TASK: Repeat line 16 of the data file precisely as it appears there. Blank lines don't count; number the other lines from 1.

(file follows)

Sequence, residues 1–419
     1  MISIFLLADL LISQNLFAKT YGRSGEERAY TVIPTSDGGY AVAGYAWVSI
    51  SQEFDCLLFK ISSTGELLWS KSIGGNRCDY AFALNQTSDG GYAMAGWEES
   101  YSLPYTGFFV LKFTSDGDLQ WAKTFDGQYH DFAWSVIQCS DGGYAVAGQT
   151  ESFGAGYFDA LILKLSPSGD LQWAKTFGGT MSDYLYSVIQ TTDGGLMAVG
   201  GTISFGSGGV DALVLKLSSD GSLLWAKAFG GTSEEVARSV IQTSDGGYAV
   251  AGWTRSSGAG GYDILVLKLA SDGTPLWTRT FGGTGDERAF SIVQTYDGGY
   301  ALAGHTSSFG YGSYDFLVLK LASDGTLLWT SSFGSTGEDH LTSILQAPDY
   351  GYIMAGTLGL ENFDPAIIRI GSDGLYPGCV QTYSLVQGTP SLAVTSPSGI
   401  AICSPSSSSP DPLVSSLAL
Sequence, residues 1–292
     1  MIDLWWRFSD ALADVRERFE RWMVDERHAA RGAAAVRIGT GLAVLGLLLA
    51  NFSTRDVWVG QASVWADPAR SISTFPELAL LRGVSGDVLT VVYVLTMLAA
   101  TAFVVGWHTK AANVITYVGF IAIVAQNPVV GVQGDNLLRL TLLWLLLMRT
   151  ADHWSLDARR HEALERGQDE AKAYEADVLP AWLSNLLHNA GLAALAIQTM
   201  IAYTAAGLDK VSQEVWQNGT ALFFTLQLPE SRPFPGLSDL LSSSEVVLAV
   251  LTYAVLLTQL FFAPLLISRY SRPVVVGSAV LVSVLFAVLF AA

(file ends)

   201  IAYTAAGLDK VSQEVWQNGT ALFFTLQLPE SRPFPGLSDL LSSSEVVLAV